After receiving the letter that contained several allegations about the bank and Staley himself, the CEO tried to identify the author and failed to seek assistant from those with expertise and responsibility for whistleblowing in Barclays.
However, the authorities did not find that Staley acted with a lack of integrity nor that he lacks the fitness and propriety to continue performing his role as CEO.
Mark Steward, FCA executive director of enforcement and market oversight, said, “Given the crucial role of the chief executive, the standard of due skill, care and diligence is more demanding than for other employees.
“Staley breached the standard of care required and expected of a chief executive in a way that risked undermining confidence in Barclays’ whistleblowing procedures.”
The FCA and PRA said, because of this case, they have concerns about the bank’s whistleblowing systems and controls, and have concluded that these require enhanced monitoring and scrutiny.
As a result, Barclays is now subject to requirements by which it must report annually to the FCA and PRA on how it handles whistleblower cases.
The bank announced on Friday that it would be cutting £500,000 from Staley’s overall remuneration package in relation to this case.
John McFarlane, chairman of Barclays, said in a statement, ‘The board is pleased that the FCA and PRA's investigations have concluded and are now behind us. The board has reiterated its support for Jes, as have shareholders at last week's annual general meeting. As a business, we remain focused on executing our strategy and delivering greater returns for shareholders."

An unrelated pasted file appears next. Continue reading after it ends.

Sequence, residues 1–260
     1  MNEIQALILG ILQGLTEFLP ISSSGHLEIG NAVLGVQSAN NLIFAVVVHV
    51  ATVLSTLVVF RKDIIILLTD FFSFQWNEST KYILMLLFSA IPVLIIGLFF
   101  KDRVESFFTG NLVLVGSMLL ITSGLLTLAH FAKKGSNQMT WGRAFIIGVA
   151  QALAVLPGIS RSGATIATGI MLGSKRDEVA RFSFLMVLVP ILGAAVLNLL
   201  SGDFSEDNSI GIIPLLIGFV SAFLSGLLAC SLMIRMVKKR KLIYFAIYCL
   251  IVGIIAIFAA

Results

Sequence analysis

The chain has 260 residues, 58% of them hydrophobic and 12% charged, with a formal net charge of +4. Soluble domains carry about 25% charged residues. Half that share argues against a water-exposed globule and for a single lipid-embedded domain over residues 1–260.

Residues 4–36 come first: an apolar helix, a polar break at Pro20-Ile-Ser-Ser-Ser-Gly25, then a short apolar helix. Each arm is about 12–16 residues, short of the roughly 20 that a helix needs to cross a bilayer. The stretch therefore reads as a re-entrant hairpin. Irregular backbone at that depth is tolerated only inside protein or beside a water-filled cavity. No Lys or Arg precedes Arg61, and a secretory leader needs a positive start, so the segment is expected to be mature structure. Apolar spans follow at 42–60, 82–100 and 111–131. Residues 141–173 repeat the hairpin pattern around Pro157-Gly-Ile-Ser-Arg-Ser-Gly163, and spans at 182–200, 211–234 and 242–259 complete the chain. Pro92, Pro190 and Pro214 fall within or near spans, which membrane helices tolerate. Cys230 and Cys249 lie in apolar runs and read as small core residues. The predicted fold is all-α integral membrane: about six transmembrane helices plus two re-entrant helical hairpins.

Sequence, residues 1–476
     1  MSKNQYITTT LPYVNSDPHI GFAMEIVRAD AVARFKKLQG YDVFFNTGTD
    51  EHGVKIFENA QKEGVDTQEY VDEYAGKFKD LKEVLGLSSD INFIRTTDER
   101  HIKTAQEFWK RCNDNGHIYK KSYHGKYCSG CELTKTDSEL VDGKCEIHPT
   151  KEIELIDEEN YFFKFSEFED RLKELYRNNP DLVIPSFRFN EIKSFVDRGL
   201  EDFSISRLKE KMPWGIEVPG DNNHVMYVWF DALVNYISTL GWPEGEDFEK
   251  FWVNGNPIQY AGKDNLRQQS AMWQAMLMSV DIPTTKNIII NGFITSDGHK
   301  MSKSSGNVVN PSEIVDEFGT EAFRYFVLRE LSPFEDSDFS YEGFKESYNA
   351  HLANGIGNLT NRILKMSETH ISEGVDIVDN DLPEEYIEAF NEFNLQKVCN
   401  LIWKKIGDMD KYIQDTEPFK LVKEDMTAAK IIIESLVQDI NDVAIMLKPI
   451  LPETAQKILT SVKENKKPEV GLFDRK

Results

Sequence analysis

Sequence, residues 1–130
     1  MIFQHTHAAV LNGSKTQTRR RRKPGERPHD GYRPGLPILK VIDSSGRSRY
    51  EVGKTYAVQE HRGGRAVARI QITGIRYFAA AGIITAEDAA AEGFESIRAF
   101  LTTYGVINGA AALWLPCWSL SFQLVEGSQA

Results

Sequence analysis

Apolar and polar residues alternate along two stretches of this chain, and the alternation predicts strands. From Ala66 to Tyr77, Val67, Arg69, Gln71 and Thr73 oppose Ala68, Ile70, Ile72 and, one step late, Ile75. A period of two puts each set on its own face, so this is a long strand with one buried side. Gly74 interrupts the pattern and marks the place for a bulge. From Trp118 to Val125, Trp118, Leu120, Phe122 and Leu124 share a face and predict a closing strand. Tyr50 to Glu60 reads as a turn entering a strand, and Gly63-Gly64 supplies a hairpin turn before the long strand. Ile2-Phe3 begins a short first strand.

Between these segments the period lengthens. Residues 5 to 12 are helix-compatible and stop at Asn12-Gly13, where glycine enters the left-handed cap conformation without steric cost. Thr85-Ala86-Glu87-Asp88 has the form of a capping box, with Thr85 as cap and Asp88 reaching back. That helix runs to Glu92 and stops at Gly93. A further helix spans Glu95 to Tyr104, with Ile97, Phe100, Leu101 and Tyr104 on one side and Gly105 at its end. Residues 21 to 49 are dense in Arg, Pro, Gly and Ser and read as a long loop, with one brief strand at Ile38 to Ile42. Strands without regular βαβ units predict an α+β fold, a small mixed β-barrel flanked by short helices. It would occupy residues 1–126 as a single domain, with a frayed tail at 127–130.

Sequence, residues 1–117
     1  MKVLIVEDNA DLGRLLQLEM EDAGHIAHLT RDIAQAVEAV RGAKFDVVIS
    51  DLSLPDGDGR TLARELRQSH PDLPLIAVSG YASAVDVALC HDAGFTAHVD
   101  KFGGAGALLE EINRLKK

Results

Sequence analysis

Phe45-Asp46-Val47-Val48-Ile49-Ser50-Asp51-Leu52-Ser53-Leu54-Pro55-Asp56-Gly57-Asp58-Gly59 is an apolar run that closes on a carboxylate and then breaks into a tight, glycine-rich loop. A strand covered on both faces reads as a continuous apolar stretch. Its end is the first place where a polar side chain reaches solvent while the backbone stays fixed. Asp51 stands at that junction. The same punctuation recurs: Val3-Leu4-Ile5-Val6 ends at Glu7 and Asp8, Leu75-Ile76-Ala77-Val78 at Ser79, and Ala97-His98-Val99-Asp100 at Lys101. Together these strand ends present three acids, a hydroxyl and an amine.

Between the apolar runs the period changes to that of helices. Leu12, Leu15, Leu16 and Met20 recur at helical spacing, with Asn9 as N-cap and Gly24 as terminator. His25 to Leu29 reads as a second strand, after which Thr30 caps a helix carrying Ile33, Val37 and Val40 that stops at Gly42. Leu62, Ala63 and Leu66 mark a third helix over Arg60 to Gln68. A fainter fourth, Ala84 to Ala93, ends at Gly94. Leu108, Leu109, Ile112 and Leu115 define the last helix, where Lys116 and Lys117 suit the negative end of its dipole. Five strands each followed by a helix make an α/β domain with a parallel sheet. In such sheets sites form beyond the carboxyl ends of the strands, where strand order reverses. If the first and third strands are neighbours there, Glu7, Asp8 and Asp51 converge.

Meanwhile, Staley said, “I have consistently acknowledged that my personal involvement in this matter was inappropriate, and I have apologised for mistakes which I made. I accept the conclusions of the Board, the FCA, and the PRA, following their respective investigations, and the sanctions which they have each applied."
The letter raised concerns of a personal nature about a senior employee recruited by Barclays in 2016, Staley's knowledge of and role in dealing with those issues at a previous employer, and the appropriateness of the Bank’s recruitment process.
Staley said at the time the accusations were an “unfair personal attack” on the senior employee and tried to identify the author.
When the board of the bank found out about Staley’s actions last year, it instructed an external law firm, Simmons & Simmons, to conduct an investigation into the matter. The board also notified the FCA and PRA and other relevant authorities.
The probe by the law firm found that Staley “honestly, but mistakenly” believed that it was permissible to identify the author of the letter.
However, the bank concluded that he made an error in becoming involved with the matter and not applying appropriate governance. The author of the letter was not identified.